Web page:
Saturday, 20 December 2014

Hui's Fall from Grace

Rafael Hui was found guilty of bribery thanks to his materialistic longings
It seems former chief secretary Rafael Hui Si-yan was addicted to the high life and thought of himself as a discerning consumer even though his salary wasn't enough to pay for his lavish tastes.

The 131-day trial of Hui, and Sun Hung Kai Properties co-chairmen and brothers Thomas Kwok Ping-kwong and Raymond Kwok Ping-luen is over, with Hui and Thomas Kwok found guilty of bribery.

Somehow Raymond Kwok was acquitted on all four charges against him and walked free.

It basically boils down to Hui acquiring hyper materialistic tastes and not being able to live on a budget, and supposedly succumbed to bribes from the Kwok brothers to maintain his lavish lifestyle.

Thomas Kwok was also convicted of bribery
In court it was revealed Hui liked to spend money traveling to Europe and Japan to attend exclusive operatic performances, once dropping HK$150,000 to stay in London's Dorchester Hotel.

He also spent HK$2 million at one music store for several years, and had no qualms going on a HK$200,000 shopping spree in one store on CDs and vinyl records. At that time his annual income was HK$4.6 million.

But after then chief executive Donald Tsang Yam-kuen was re-elected in 2007, Hui became a non-official executive council member and his salary dropped to HK$105,000 a month. However he continued to withdraw HK$1 million a month using overdraft facilities, and on his credit card bills he would only pay the minimum amount.

"Basically I did not have any savings. I spent almost everything I had," Hui said on the first day of his testimony.

Is that supposed to be considered a badge of honour? For a financial secretary to not pay off his credit card bills every month is shocking not to mention spending way beyond his means.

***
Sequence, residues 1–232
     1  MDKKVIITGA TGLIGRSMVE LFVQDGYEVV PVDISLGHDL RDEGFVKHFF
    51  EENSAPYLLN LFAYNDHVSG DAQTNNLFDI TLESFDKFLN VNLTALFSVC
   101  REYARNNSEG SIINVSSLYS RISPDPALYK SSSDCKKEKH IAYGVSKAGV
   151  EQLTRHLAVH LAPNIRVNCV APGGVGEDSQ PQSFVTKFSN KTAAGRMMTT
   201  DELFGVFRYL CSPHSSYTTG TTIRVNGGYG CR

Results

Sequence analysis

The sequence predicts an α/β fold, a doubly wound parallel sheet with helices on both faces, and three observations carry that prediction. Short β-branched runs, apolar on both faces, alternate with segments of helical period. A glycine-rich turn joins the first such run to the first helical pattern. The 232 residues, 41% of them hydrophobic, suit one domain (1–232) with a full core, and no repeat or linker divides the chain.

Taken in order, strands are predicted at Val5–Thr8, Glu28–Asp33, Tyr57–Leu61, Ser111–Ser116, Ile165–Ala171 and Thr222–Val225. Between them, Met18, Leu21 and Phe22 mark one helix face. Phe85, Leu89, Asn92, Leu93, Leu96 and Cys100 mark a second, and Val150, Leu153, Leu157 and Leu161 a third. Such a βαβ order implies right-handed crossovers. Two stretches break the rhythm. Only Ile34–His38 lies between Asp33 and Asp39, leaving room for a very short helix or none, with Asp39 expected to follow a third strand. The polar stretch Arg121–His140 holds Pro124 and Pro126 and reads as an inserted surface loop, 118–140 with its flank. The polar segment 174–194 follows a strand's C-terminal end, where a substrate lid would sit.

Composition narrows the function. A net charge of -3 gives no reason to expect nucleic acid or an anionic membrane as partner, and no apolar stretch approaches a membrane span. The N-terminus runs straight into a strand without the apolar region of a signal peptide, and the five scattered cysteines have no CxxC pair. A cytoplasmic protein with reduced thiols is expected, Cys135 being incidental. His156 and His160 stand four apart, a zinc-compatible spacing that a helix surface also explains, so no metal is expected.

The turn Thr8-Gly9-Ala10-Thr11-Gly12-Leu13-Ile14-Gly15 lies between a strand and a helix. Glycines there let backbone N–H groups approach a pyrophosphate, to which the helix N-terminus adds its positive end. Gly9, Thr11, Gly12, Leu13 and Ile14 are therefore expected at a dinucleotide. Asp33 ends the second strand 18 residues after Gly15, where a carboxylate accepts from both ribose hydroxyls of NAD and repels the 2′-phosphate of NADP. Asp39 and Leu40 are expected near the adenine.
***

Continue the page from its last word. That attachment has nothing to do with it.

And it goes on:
The writing was on the wall for Hui when the ICAC charged him with bribery and misconduct in office in July 2012; then creditors came calling, including Hang Seng Bank, Standard Chartered, and even Honour Finance, a subsidiary of SHKP.

As a result, Hui declared bankruptcy in November last year, not being able to repay Bank of East Asia. There were media reports he racked up debts of up to almost HK$75 million.

Not only was he a carefree spender, but also apparently a philanderer, cheating on his wife of more than 40 years.

"In 2008, I gave some money to a female friend in Shanghai," he confessed in court. "I do not recall the exact amount -- but I think at least HK$7 million or HK$8 million... some of which for purchasing properties, some for investments."

If this isn't a massive fall from grace, I don't know what is.

It will be interesting to see what sentence the judge metes out for Hui, as he will hardly be able to pay off his debts. What punishment would be suitable for someone like this?

While this trial is over, all eyes are now on Tsang, who has been very low key in the last few years. After he was caught on a yacht hanging out with tycoons, the former chief executive may be the next one in the dock.

How many other senior civil servants took advantage of their positions too? If the Hong Kong government wants to regain any kind of credibility, especially post-Occupy, surely it needs to clean up house too...

No comments:

Post a Comment